If the goal of our colleges and professional associations were simply to inform chiropractors about leadership, conventional instruction would work. However, to nurture an individual's capacity to participate more wholeheartedly, more willingly and more effectively in leadership roles, you need something different. At Life, we do this by providing highly motivated students a living laboratory for nurturing leadership skills.

Through Life University's Leadership Institute, we direct the most energetic, capable and inspired students to explore their inherent gifts of leadership and develop their capacity to serve as agents of change. We make leadership tangible as we enhance student understanding of personality styles, integrity, management skills, communication strategies and emotional intelligence.

Specifically, select students participate in retreats featuring significant interaction with myself and senior staff, in-depth exploration of leadership topics and interactive work sessions. Students also travel to Washington, D.C., to learn how to interact with legislators and impact the political system. Leadership scholars complete community service projects of their design to extend their impact to real-world efforts while capitalizing on their growing professional skills.

This type of leadership program could be adapted by our professional associations to build the skills of outstanding young chiropractors who show promise and a desire to lead our profession. Mentoring partnerships could be established between current and future leaders.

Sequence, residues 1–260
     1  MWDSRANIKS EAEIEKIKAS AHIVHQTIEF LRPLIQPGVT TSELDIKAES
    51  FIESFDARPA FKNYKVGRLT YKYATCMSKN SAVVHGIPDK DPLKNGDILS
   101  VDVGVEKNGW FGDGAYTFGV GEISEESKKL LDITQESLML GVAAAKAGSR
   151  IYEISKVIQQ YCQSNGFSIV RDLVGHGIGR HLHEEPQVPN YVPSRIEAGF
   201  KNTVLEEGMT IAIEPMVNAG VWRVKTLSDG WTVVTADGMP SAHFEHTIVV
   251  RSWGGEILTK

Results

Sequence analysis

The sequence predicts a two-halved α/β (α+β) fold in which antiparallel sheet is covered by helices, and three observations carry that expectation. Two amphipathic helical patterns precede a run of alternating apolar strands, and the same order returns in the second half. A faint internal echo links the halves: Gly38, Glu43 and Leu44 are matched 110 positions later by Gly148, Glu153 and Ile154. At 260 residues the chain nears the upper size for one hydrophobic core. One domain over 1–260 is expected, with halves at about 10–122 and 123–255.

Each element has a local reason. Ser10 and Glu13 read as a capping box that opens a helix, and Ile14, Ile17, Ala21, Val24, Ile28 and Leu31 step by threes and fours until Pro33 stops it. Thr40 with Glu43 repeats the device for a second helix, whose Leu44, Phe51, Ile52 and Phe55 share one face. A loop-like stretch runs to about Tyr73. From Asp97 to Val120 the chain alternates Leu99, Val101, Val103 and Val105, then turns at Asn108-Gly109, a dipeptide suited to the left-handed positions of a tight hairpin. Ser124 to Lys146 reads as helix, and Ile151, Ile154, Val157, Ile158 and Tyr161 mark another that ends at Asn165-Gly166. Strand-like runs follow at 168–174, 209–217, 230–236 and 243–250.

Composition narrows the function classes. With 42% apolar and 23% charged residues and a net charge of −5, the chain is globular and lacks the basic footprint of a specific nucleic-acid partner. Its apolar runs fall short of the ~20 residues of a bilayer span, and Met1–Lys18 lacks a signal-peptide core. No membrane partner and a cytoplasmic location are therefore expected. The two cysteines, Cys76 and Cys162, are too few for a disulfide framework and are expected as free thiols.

In studying more than 90 leaders of national and multinational organizations, Bennis found that the most successful tend to have an almost unlimited capacity to learn new behavior. Emerging leaders in our profession must also adopt new behaviors to direct and protect the advancement of chiropractic and effectively shape our nation's health care system. Our colleges and professional associations must nurture leadership skills with the same passion we bring to advancing technique skills. In that way, we'll ensure a strong vision for the profession in an ever more complicated environment.


Dr. Guy F. Riekeman, current president of Life University in Marietta, Ga., has held leadership positions in chiropractic education essentially since his graduation from Palmer College of Chiropractic in 1972. He was appointed vice president of Sherman College in 1975 and has served as president of all three Palmer campuses and as chancellor of the Palmer Chiropractic University System. In 2006, he was elected to the board of directors of the Council on Chiropractic Education.